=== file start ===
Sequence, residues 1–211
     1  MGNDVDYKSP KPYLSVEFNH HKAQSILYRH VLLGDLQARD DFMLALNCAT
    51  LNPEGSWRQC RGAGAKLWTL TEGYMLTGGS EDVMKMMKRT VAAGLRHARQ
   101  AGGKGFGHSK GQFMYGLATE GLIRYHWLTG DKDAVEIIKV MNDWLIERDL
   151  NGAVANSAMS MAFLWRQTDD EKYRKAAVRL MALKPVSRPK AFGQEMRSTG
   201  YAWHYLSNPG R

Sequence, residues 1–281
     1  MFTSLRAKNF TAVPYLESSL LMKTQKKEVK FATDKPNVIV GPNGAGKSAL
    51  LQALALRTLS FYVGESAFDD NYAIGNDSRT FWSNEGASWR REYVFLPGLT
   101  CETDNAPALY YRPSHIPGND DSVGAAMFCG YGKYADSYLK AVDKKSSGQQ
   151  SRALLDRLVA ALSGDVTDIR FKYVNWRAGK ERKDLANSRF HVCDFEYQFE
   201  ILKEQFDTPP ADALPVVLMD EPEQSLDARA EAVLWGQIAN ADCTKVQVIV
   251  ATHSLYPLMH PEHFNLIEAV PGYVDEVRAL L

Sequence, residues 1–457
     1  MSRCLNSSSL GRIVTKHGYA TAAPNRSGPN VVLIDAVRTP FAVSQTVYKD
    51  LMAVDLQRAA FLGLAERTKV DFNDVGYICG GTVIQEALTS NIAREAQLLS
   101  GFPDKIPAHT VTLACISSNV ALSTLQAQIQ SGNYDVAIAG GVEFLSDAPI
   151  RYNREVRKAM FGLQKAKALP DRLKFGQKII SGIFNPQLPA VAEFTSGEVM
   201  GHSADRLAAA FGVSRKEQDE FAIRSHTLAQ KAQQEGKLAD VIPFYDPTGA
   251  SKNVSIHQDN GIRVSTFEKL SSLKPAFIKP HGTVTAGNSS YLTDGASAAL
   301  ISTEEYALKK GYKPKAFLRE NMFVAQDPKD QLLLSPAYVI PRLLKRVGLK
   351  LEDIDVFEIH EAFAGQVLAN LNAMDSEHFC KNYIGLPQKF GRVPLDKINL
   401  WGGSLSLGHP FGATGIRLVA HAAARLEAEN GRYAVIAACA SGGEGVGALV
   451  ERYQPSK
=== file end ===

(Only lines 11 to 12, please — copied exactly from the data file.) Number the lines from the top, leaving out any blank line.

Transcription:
   151  SRALLDRLVA ALSGDVTDIR FKYVNWRAGK ERKDLANSRF HVCDFEYQFE
   201  ILKEQFDTPP ADALPVVLMD EPEQSLDARA EAVLWGQIAN ADCTKVQVIV